There are all sorts of guides to London pubs but as far as we can find, nobody has ever pinpointed the city's frontier pubs: those places which are the furthest north, south, east and west.
To add a bit of fun to the task, we decided to visit them all in one day. Taking public transport meant an average of a two-hour journey time between each spot. With an average distance of around 25 miles between each, it's certainly a drawn-out crawl.
Here are London's furthest-flung pubs: the final places you can enjoy a pint before crossing the boundary and leaving the capital behind.
The Fox, Coulsdon Common, CR3 5QS
How to get there: 466 bus from Purley station to Coulsdon Common Fox stop
We have to travel through a lot of south London suburbia to reach The Fox. The 466 bus, which stops very close to the pub, goes all the way from East Croydon station, but it can also be picked up at later stops along the line such as Purley if you'd rather not spend 40 minutes on a bus.
Located at the edge of Coulsdon Common, The Fox dates from the 18th century. Inside it's pleasant enough with wooden beams, stone floor and a fairly run-of-the-mill range of beers, such as London Pride and Doombar. It's part of the Vintage Inn chain of pubs, so the menu is similarly humdrum. There are a fair few people already here when we arrive at lunchtime.
Given its proximity to the greenery of the Common, it perhaps isn't surprising The Fox has the air of a country pub. The common itself is a small interruption in the suburban sprawl which returns immediately due south, as the Surrey town of Caterham.
The Kings Arms, 593 Bath Road, Longford, UB7 0EG
How to get there: 423 bus from Hatton Cross tube to Heathrow Close stop.
The bus journey from Hatton Cross takes us past aircraft hangars and various other Heathrow ancillary buildings, with a strong smell of aviation fuel throughout.
The Kings Arms is at the end of Bath Road in a very small village called Longford, immediately north of Heathrow Airport. This small row of houses in the shadow of one of the world's biggest airports makes for a unique atmosphere.
Given its proximity to the airport, the pub and every other building in the village will be flattened should the Government decide in favour of a third runway at Heathrow.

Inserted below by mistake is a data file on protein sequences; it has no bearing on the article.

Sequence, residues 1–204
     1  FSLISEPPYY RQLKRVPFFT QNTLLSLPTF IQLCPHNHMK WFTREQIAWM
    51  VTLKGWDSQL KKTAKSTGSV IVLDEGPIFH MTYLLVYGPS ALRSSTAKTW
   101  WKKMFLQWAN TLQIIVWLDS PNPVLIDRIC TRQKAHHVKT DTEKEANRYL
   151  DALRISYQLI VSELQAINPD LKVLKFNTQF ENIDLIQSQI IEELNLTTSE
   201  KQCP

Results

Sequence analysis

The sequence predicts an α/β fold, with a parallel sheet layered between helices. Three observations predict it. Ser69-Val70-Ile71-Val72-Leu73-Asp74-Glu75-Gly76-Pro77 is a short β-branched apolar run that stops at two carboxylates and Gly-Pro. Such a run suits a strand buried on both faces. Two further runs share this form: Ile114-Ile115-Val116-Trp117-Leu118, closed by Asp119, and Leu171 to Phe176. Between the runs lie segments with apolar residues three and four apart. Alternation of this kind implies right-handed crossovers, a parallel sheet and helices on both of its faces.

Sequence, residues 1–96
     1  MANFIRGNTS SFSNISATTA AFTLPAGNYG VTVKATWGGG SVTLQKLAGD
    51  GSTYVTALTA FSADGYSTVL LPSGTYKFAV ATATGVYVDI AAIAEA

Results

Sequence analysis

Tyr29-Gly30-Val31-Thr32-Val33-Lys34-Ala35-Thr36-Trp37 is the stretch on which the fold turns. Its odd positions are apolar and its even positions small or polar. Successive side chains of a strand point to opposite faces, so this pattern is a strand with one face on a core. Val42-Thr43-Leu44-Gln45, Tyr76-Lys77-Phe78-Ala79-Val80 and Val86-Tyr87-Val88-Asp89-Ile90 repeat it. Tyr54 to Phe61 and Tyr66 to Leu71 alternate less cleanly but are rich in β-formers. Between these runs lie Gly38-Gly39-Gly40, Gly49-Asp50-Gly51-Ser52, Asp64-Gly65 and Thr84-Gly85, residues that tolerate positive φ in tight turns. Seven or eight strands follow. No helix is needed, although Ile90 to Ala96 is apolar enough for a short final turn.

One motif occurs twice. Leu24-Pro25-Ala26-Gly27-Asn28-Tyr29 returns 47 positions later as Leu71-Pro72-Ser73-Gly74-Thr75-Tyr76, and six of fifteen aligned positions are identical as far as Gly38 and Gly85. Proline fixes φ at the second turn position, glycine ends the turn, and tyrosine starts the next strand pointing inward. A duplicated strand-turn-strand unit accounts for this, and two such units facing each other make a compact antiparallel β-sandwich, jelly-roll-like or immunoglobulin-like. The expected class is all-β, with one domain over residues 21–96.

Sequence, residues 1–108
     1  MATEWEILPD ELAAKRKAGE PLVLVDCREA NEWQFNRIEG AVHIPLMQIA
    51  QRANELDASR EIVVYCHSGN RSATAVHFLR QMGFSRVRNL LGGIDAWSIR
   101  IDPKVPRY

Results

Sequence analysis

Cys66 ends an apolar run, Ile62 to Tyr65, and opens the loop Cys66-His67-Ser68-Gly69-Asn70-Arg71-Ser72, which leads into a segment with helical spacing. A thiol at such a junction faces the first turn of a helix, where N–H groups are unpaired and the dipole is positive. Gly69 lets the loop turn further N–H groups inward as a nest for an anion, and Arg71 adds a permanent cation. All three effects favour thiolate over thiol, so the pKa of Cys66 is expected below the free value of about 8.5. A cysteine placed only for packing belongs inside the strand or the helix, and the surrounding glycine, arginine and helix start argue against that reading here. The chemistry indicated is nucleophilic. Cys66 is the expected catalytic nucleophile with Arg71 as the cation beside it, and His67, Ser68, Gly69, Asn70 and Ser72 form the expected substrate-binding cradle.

Investing in renovating a pub with the spectre of the Heathrow wrecking ball hanging over it is never going to be good business sense, so the pub's interior is less than remarkable. Food-wise it’s got an Indian menu, while on the drinks front there are no ales on tap. It also has a small garden which faces the airport buildings so doesn't have the most scenic view. It's very quiet here when we visit, but then a pub a stone's throw from Heathrow is few people's idea of a good way to spend a mid-week afternoon.
The Plough, Cattlegate Road, Enfield, EN2 9DJ
How to get there: Great Northern rail from Moorgate/Finsbury Park to Crews Hill
Leafy Crews Hill is home to Greater London's most northerly railway station. Even the road to the pub — Cattlegate Road — sounds rural and is home to what must be London's biggest collection of garden centres in one area. We counted at least five on the short walk from the station to the pub.
The Plough is a friendly pub with a small bar area and a more spacious dining area, as is the case with many suburban pubs these days which are focusing on the food trade. Owned by the Hertfordshire brewery McMullens, it stocks their in-house ales including Country Bitter and their AK bitter. We also ate here, paying £8.50 for a cheeseburger.
As you might expect, The Plough has a large garden but — more surprisingly — also its own small petanque area.
The Old White Horse, Ockendon Road, Upminster, RM14 3PS
How to get there: 370 bus from Upminster station to Fen Lane stop.
The built up environment around Upminster quickly morphs into open countryside as the 370 bus makes its way towards the pub on the quiet Ockendon Road. To give you an idea how far out this is, on our way we passed the psychological barrier that is the M25.
The Old White Horse is a cosy, old-fashioned pub inside with cut glass mirrors and old adverts for Pears Soap on the wall. The pub does food and the dining area is set out in a traditional manner which reminds you of a traditional English B&B. There are a couple of ales on tap in the shape of Woodforde's Wherry and Adnams Broadside.
The Old White Horse's real selling point is its massive garden. It spans a good way from the pub out into the distance, bordered by a large open field. We get here just before dusk set in and enjoy a pint in the garden as the light fades. The pub had been pretty quiet inside and as we decide to venture in for a second pint, we find them to be closing up. And so our journey home begins.
Is it worth it?
Visiting London's frontier pubs is great fun. OK, it's not a beer lover's, or foodie's, idea of heaven. But it's the journey that counts. And, of course, the extreme locations.
Three of the four are situated in very green and pleasant surroundings which feel a million miles away from being in a capital city. The Kings Arms at the Western frontier is the obvious exception — right on the doorstep of the world's sixth busiest airport.
The crawl also serves as an illustration of just how vast London is: it's just under 30 miles between The Plough at London's northern tip and The Fox in the south, while the distance between The Old White Horse in the east and the Kings Arms in the west is 37.5 miles.